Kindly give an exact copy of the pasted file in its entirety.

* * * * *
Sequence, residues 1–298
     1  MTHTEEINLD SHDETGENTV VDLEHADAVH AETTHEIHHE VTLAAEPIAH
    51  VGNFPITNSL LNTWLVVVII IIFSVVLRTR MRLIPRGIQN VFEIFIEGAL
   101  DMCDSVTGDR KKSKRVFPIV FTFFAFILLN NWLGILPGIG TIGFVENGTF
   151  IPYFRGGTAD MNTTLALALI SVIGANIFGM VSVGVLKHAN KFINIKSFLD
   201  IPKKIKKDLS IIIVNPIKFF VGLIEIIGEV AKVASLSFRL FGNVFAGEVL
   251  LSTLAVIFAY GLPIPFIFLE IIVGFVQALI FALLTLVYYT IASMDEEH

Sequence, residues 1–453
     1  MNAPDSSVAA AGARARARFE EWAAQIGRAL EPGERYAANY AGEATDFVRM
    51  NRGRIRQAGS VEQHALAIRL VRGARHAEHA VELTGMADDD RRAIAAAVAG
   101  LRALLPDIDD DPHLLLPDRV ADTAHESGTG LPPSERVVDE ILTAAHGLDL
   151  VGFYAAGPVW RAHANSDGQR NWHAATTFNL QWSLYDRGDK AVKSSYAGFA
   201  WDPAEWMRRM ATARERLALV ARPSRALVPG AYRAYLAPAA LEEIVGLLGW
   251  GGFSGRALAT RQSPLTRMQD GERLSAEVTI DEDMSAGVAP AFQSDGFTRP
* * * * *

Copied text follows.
Sequence, residues 1–298
     1  MTHTEEINLD SHDETGENTV VDLEHADAVH AETTHEIHHE VTLAAEPIAH
    51  VGNFPITNSL LNTWLVVVII IIFSVVLRTR MRLIPRGIQN VFEIFIEGAL
   101  DMCDSVTGDR KKSKRVFPIV FTFFAFILLN NWLGILPGIG TIGFVENGTF
   151  IPYFRGGTAD MNTTLALALI SVIGANIFGM VSVGVLKHAN KFINIKSFLD
   201  IPKKIKKDLS IIIVNPIKFF VGLIEIIGEV AKVASLSFRL FGNVFAGEVL
   251  LSTLAVIFAY GLPIPFIFLE IIVGFVQALI FALLTLVYYT IASMDEEH

Sequence, residues 1–453
     1  MNAPDSSVAA AGARARARFE EWAAQIGRAL EPGERYAANY AGEATDFVRM
    51  NRGRIRQAGS VEQHALAIRL VRGARHAEHA VELTGMADDD RRAIAAAVAG
   101  LRALLPDIDD DPHLLLPDRV ADTAHESGTG LPPSERVVDE ILTAAHGLDL
   151  VGFYAAGPVW RAHANSDGQR NWHAATTFNL QWSLYDRGDK AVKSSYAGFA
   201  WDPAEWMRRM ATARERLALV ARPSRALVPG AYRAYLAPAA LEEIVGLLGW
   251  GGFSGRALAT RQSPLTRMQD GERLSAEVTI DEDMSAGVAP AFQSDGFTRP